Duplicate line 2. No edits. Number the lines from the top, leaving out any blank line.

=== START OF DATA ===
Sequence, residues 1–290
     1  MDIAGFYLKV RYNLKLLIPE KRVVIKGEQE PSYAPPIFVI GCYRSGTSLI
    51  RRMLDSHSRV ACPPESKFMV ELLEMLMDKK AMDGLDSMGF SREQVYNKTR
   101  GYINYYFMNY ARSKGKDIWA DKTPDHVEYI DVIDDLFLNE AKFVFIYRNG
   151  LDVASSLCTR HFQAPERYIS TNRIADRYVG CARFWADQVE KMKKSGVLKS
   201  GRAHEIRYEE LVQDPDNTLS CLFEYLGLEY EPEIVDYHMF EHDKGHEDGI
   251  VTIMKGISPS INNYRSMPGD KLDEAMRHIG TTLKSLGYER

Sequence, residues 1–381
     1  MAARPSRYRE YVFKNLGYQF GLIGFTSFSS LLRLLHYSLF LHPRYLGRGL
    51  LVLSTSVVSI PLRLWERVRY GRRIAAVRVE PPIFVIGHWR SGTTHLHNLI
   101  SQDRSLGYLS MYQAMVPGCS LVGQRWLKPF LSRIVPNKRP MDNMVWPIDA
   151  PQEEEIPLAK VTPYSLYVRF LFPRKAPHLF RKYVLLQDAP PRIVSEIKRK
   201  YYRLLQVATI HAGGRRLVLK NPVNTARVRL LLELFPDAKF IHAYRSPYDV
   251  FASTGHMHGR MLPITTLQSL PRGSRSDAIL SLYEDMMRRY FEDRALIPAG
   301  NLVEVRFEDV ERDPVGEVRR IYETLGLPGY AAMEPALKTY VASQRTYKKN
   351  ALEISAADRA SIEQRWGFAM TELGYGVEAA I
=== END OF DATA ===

     1  MDIAGFYLKV RYNLKLLIPE KRVVIKGEQE PSYAPPIFVI GCYRSGTSLI